Saturday, April 25, 2015

I'm sure this will get me into trouble!

As I contemplated writing this post, I could hear my mother saying, "Stop putting everything on Facebook" or "Your whole life does not have to be on Facebook." I don't put everything on FB. I typically do post something nearly every day. Mostly, I post pictures of things (Phipps gets a posting pretty much every month since I am there that often). I also try to include whenever I get together with a friend (after asking them if it is okay if I post the picture), and my family. I don't post nearly the number of pics of my kid as I used to, mostly because she hates my taking her picture (the dog hardly sits still, so forget that). I also complain about something and/or make some topical comment on average once a week. I guess thanks to the Pens' early, but not surprising, exit, there won't be any hockey posts for awhile (though I had really cut back on those this season).

Most notably, I rarely post things about my kid's school, other than I end up complaining about a snow day or delay once or twice a winter. I am FB friends with a couple dozen parents, so I would not want to say something negative or that can be misconstrued, particularly because I don't consider myself more than acquaintances with those people (and some of those FB connections are not even that).

I really wanted to post the picture I am about to on FB, but, for the reasons I stated above, I did not. I don't think parents come around these parts anymore (a couple of years ago, at least one did, although not because I had ever told anyone about the blog). But if they do, well, so be it.

I think the note I am posting below is funny, and honestly sounds like something that I might have gotten when I went to Catholic school 30 years ago, except we never had dances.

So, without further adieu, I give you the note that came home, which made me chuckle.


A few things:
  • Another note came home about the 6th-8th grade dance, which listed a set of rules for the kids to follow, including a bullet point that the dance was semi-formal and that girls should to refer to the "girl" note (which is above) that came home. That comment instantly took me back to 4th grade when letters came home to girls' parents telling them of the movie on menstruation the girls would be seeing. Our teacher at the time told us not to talk about it. I think I even got in trouble for doing so because I was so naive.
  • I don't pretend to be a fashion icon, so maybe I have this wrong, but I did not realize showing a bra strap was that bad. Obviously you should strive not to (I think), but if a girl's dress allows a sliver of a strap to be shown, should she have to wear the scarlet letter B?! And didn't clear straps go out years ago?! I fear this may have more to do with the boys than anything else...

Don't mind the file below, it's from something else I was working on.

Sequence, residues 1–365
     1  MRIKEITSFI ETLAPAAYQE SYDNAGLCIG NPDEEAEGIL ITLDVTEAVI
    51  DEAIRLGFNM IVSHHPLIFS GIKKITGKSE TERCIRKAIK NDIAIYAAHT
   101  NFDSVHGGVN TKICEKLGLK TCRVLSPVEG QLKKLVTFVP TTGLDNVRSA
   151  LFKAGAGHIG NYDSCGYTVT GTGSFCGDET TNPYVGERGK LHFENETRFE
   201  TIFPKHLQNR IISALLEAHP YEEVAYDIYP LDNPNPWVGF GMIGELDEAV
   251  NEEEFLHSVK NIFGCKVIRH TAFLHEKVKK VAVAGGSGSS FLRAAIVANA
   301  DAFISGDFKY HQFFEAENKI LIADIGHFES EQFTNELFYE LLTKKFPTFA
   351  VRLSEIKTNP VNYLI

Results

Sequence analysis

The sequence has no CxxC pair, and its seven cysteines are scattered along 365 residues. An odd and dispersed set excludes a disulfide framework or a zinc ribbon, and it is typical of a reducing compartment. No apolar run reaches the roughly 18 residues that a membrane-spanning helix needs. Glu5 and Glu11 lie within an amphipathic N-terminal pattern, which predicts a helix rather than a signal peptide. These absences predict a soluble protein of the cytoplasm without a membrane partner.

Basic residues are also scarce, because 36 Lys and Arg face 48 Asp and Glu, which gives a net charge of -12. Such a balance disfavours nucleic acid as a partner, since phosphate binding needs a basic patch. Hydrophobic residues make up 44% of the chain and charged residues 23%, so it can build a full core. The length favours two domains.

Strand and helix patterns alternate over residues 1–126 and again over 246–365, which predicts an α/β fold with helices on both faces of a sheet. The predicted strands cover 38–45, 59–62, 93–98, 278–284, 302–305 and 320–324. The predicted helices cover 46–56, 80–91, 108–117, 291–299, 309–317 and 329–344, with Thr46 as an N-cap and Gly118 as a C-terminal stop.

• And speaking of the strap, that has caused me some grief. I bought the kid a white-gold Easter dress (liturgically correct!), with thick (about an inch) straps. She wants to wear said dress to the dance. Unfortunately, the straps (which, again, are much thicker than any bra strap) are angled in a way that no bra angles, so a little bit of the bra straps are exposed. For Easter, it was a non-issue because the kid wore a creamy-sheer jacket over it. But I know there is no way she will wear that thing to the dance. So we had to find a strapless bra today. I won't go into details of that fun-filled 30 minutes. But let's just say, by fun, I mean I wanted to bang my head against the wall.
  • Can you really require a girl to wear a bra (not sure what an "undergarment" is)? Yes, some need to. But there are some small girls in that school that may not even own one. I was so skinny and little that I did not wear a bra on a regular basis until I got to high school. The good, ol' days... [If this is about the sheerness of a dress, I'm afraid sometimes a bra or "undergarment" is not enough. But you can't exactly ask girls to wear a padded bra to remedy that.]
  • I will say I am completely on board with the dress not being too short rule. Honestly, I cannot believe how short the skirts of some girls are (or at least were; for a couple of years I did weekly lunch duty, and I have seen skirts that exposed inches of thighs while said girls wore ankle socks in 30-degree recess weather).
In any event, I just cannot help picturing random middle-school-aged girls hanging out on the street corner in their short, short skirts with their bra straps showing. I mean is this what is happening that caused that letter?! (And, in case any parents come here, no, I really don't think girls in the school are doing that.) Then again, thanks to s coworker's gif, I can now also picture Madonna dancing around in one of her bra numbers, although I think it is a safe bet "Like a Prayer" won't be played at the dance...

If nothing else, Mom, I want credit for not sharing this on FB. (Not that my mom comes here or there.)

:-)

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